Ancient temple dedicated to Zeus found in North Sinai

Discovery made in archaeological site of Pelusium, amid a government drive to develop the Sinai Peninsula to boost tourism

Antiquities workers at the Pelusium site, in the Tell El Farma region of North Sinai, Egypt, unearth part of an archway into a temple to the god Zeus Cassius.

Egyptian archaeologists excavating the city of Pelusium, in the Tell El Farma region of North Sinai, have uncovered the remains of an ancient temple dedicated to the god Zeus Cassius.

Zeus Cassius was connected with Mount Casius — also known as Jebel Agra — a limestone mountain on the Syrian-Turkish border near the Mediterranean.

Said to be based on the cult of a mountain god, conflated with Greek god Zeus, Zeus Cassius was worshipped mainly in Syria and Egypt, though there was also a temple in Greek island Corfu.

Parts of the Sinai temple were found about 200 metres from a colossal mud-brick complex dating back to the Greco-Roman period — between the eighth century BC and sixth century AD — discovered in 2019, Egypt's Ministry of Tourism and Antiquities said.

The archaeological mission, which is managed by the Supreme Council of Antiquities, is part of a government plan to develop the Sinai Peninsula and open more of it to tourists.

The Tell El Farma archaeological site in North Sinai, also known as Pelusium. On the site of this ancient city Egyptian archaeologists discovered a temple to the god Zeus Cassius. Ministry of Tourism and Antiquities

The mission was first alerted to the location of the temple when they found the remains of an ancient stone gateway that had been destroyed by an earthquake centuries ago.

“The location of the discovered temple was determined based on the presence of the remains of a huge gate on the surface of the earth that collapsed in the past due to a strong earthquake that struck the city,” said Dr Mostafa Waziri, Secretary General of the Supreme Council of Antiquities.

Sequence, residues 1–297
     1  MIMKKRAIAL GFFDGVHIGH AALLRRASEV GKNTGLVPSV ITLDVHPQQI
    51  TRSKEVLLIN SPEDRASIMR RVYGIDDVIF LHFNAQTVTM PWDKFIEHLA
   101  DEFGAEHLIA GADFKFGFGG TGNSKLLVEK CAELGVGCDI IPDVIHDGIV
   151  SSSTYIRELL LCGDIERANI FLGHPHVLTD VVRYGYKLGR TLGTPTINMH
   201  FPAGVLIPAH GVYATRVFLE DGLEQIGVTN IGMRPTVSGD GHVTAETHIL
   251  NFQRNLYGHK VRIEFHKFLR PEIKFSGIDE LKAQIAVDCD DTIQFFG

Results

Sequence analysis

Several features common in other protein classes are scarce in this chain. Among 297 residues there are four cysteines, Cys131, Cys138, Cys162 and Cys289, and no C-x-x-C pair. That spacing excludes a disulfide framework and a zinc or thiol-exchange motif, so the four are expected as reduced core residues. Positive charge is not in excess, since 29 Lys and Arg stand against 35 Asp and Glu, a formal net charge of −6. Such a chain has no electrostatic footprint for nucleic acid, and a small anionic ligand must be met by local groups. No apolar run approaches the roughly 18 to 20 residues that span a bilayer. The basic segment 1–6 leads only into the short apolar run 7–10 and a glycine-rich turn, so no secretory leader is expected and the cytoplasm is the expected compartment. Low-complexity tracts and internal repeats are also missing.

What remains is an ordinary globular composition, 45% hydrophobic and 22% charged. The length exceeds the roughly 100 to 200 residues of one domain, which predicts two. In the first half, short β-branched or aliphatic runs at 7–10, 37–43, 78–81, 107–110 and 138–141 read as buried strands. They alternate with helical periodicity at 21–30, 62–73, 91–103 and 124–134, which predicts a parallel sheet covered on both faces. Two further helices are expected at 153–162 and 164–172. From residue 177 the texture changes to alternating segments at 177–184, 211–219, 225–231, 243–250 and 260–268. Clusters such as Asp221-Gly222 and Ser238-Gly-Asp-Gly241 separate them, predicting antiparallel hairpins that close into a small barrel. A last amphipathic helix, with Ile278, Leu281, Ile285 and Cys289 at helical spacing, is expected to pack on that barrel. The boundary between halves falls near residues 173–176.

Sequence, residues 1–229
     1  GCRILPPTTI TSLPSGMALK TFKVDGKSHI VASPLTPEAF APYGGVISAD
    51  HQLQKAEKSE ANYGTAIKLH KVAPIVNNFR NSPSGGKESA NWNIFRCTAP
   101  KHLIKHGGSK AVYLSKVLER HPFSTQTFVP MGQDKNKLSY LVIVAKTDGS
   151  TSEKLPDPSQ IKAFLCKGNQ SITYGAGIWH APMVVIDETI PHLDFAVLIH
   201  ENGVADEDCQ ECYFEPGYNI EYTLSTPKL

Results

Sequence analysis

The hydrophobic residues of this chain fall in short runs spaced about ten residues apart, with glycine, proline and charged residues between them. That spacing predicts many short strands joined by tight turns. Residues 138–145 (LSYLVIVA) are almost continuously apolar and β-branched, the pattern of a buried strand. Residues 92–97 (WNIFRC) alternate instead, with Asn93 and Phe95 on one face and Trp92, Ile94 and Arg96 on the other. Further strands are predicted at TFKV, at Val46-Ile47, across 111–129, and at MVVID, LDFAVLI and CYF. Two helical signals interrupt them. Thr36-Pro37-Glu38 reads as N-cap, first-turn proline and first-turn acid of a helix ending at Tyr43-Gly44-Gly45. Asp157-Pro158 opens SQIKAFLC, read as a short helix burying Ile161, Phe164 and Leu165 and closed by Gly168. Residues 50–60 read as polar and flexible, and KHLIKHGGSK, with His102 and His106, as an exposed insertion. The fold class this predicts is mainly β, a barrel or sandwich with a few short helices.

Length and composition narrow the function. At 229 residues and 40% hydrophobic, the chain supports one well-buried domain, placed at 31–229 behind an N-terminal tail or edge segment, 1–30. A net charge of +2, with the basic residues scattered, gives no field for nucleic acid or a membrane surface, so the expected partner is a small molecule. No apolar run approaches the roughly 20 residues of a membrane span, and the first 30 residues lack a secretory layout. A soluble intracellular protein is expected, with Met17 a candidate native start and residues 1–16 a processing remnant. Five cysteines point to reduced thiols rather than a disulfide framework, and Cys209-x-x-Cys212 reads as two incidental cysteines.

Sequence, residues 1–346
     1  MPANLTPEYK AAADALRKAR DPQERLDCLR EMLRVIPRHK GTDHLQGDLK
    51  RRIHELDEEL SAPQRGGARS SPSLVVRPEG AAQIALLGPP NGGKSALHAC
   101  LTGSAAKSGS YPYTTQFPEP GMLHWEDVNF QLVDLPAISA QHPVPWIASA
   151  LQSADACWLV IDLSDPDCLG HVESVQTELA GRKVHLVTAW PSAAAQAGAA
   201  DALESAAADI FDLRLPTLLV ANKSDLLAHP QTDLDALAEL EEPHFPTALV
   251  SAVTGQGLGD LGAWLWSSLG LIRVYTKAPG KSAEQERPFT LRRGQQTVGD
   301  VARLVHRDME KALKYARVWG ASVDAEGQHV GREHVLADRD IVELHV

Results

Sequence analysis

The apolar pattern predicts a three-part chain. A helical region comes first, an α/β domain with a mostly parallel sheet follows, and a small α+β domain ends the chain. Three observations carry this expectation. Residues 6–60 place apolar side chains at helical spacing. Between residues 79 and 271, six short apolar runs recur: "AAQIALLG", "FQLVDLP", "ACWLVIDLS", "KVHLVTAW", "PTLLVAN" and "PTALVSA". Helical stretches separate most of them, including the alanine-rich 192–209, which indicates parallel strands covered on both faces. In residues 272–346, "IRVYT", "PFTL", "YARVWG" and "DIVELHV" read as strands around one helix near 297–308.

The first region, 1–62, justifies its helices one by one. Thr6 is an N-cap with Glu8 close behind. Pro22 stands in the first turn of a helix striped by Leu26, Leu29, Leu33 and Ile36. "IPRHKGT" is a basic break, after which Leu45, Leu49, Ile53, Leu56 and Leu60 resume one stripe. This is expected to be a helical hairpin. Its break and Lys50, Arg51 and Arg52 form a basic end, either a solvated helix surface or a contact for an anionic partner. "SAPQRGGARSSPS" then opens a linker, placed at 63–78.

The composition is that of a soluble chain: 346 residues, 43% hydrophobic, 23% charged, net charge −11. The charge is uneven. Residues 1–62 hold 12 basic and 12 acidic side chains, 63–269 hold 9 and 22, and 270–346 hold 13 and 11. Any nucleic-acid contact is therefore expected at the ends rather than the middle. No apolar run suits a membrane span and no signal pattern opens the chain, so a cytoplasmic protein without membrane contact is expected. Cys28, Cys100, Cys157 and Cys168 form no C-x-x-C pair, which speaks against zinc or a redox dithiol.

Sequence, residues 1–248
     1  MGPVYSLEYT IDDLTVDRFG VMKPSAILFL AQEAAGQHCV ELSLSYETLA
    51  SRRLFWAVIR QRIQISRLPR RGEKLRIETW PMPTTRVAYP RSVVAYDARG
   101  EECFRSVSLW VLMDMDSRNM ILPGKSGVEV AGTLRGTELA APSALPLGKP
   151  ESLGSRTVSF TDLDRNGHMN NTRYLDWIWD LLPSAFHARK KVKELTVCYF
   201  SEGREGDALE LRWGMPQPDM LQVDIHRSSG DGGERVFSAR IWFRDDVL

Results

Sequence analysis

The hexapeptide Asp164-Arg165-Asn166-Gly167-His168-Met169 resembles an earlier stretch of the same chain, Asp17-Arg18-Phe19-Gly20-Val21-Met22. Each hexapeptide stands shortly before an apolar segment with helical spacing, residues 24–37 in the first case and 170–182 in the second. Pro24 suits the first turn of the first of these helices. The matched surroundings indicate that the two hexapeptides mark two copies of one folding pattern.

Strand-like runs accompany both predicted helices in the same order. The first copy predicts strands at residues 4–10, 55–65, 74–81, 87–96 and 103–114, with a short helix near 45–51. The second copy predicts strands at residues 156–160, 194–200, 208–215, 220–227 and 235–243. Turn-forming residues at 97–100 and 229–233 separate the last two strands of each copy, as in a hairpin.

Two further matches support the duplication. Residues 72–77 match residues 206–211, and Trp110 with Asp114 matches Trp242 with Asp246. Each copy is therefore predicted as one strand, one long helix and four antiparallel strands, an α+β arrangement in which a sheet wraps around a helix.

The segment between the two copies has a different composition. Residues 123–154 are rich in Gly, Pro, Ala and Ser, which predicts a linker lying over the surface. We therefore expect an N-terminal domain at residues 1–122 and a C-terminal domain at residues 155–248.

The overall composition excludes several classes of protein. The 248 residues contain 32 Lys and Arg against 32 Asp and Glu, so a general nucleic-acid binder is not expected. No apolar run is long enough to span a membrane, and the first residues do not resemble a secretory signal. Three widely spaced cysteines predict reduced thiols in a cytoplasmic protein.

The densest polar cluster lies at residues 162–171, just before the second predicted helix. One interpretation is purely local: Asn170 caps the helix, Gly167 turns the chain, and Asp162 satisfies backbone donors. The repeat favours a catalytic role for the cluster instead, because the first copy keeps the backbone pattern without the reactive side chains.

Archaeologists suspected that the gate — which consisted of two massive columns supporting a giant stone slab, all made of pink granite — had to be the entrance to a place of significance.

The temple itself, however, was built with mud bricks.

Near the temple, several other large blocks of pink granite were also found, which led some on the mission to believe that the site was later repurposed as a stone quarry.

Slabs of pink granite unearthed at the Tell El Farma site in North Sinai. The area is being developed by the government in a bid to promote tourism to the peninsula. Ministry of Tourism and Antiquities

The ministry said the same pink granite was used to construct the city’s ancient churches, the remains of which are at Pelusium today.

“The archaeological mission succeeded in revealing for the first time the remains of the temple, which was built of mud bricks on a raised platform of rubble and broken stones, and its ceiling bears columns of pink granite,” said Dr Ayman Ashmawy, head of the Egyptian antiquities section at the Supreme Council of Antiquities.

Historians have found evidence that Pelusium was an established city since the early first millennium BC. This places the city in the late Pharaonic period. It was also an important city in Greco-Roman and Byzantine times.

It has a special significance in Christian scripture, where it is mentioned as the gate into Egypt from the Holy Land that the child Jesus, Mary and Joseph used to enter Egypt.

Excavators working at the Tell El Farma archeological site in North Sinai. The all-Egyptian mission found a temple to the god Zeus Cassius. Ministry of Tourism and Antiquities
Updated: April 25, 2022, 7:43 PM
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